Nearly 5 million products deemed either defective or dangerous were halted from entry into the U.S. last fiscal year, with the U.S. Consumer Product Safety Commission noting that many were products intended for children.
While our Montgomery child injury lawyers recognize this is an important service, particularly as it represents an increased vigilance over recent years, we know there are still a great number of dangerous products that make it to store shelves each day. Product recalls can help, but those are typically only issued after a defect or danger has been uncovered - meaning someone has already been hurt.
Not all of those dangerous products are imports, but it's not surprising that many are, given the fact that many of our biggest importers, including China and India, lack the same kinds of rigid safety standards that we hold in the U.S.
Of the 18,000 products the CPSC, along with the U.S. Customs and Border Protection, screened between October 2011 and September 2012, about 1,500 were found to be defective. There were some 4.8 million units in all.
Children's products with excessive lead levels have historically comprised the bulk of the products halted, and that trend continued last year. Other toys and child's products containing choking hazards and high phthalate levels were also among the top items seized.
The CPSC has been screening products since 1973. However, efforts were intensified in 2008 and again in 2011, with the creation of the Office of Import Surveillance.
But still, dangerous products manage to make it in. One recent example is the Baby Einstein Musical Motion Activity Jumpers, manufactured in China. Some 400,000 of these jumpers were sold in the U.S., and another 8,500 were sold in Canada. According to the CPSC, the yellow sun toy, which is attached to the seat frame, has the potential to rebound with significant force, causing injury to the infant. Already, there have been 100 incident reports resulting in more than 60 injuries. Of those, many involved bruises and facial cuts. In one case, a 7-month-old baby boy suffered a lineal skull fracture. In another case, an adult suffered a chipped tooth. The product was sold at major retailers, including Toys R Us, Target and Amazon.com over the last three years, retailing for about $90.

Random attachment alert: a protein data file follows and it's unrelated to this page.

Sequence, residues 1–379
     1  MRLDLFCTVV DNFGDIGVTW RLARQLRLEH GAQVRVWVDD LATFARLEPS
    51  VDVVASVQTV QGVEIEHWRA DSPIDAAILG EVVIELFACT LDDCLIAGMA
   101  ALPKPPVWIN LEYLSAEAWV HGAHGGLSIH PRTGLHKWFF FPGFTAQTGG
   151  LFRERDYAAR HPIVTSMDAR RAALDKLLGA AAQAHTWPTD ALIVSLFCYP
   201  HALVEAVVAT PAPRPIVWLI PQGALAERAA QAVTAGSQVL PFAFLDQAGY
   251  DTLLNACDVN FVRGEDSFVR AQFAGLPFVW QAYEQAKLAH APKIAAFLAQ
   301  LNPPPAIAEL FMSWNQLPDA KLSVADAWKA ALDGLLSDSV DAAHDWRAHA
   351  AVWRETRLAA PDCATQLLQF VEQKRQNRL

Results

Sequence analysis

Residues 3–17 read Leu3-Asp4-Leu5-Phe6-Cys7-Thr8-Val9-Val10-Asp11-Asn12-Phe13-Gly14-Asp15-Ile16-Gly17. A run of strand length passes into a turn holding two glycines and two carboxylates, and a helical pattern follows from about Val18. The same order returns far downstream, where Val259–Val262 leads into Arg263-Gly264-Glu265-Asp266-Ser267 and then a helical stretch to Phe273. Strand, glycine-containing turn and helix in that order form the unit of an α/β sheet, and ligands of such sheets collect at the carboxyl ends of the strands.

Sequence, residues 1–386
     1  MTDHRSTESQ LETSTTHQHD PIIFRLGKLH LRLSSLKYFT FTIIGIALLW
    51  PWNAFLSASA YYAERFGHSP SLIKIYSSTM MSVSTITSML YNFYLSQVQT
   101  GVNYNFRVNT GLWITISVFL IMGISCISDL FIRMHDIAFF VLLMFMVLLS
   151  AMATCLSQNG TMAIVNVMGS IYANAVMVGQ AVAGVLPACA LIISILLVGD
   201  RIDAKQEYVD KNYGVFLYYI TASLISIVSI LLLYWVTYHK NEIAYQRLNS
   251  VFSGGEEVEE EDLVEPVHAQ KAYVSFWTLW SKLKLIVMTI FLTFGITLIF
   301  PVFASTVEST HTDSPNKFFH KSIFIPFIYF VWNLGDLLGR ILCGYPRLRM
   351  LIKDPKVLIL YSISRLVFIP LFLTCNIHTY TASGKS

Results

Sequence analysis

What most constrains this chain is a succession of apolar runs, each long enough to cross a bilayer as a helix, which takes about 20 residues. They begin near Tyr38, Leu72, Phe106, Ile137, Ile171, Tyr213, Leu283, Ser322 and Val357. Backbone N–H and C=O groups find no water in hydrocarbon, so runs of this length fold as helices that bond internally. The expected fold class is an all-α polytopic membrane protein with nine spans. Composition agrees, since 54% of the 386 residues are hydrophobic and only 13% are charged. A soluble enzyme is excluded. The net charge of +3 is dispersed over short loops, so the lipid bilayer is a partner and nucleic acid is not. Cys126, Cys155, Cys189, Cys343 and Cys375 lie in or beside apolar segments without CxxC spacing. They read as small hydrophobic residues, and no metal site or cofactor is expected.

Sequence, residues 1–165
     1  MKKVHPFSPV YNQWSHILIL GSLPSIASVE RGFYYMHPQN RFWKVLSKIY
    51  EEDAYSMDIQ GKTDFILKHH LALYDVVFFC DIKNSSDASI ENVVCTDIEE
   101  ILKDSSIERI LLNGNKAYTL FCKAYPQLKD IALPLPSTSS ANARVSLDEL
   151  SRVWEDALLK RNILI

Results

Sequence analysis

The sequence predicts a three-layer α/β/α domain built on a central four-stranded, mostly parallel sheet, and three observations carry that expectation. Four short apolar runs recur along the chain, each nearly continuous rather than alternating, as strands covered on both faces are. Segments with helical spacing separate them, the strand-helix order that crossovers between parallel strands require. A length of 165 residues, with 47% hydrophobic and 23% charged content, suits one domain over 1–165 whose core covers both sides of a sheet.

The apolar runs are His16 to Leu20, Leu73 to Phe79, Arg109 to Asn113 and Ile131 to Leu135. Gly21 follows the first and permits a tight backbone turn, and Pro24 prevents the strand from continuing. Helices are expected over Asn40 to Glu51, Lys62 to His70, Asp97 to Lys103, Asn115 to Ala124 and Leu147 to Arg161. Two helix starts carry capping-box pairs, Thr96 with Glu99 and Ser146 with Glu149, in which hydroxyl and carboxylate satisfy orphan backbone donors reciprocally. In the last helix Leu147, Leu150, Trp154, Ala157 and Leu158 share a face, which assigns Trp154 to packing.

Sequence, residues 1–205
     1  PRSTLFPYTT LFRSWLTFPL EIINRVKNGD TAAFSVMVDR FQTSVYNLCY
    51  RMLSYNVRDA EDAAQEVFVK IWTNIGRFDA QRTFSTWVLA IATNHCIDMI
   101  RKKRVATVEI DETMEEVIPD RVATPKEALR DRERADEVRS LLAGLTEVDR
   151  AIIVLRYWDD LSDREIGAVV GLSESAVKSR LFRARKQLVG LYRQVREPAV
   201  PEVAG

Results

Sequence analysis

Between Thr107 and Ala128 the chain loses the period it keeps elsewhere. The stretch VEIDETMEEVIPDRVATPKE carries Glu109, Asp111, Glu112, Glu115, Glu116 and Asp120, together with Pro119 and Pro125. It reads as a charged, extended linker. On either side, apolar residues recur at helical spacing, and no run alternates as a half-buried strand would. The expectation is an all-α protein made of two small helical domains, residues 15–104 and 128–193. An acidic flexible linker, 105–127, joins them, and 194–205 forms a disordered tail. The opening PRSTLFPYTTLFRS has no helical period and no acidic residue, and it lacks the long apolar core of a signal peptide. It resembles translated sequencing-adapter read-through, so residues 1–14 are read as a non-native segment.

Of the children's products that were blocked from U.S. entry in the last quarter, 62 percent were due to excessive lead levels, 15 percent due to small parts creating choking hazards, 10 percent were for improper certification, 4 percent were for excessive phthalates, 4 percent were for improper tracking labels and 1 percent were for nursery products that were not durable.
Some of the adult products halted from entry included:
- Luminaries (26 percent);
- Cigarette lighters (19 percent);
- Fireworks (15 percent);
- Bicycle helmets (6 percent);
- Hairdryers (6 percent);
- Electric Aquarium equipment (6 percent);
- Generator labeling (4 percent);
- Mattresses (4 percent).
The rest included electric fans, flat irons and portable lamps.
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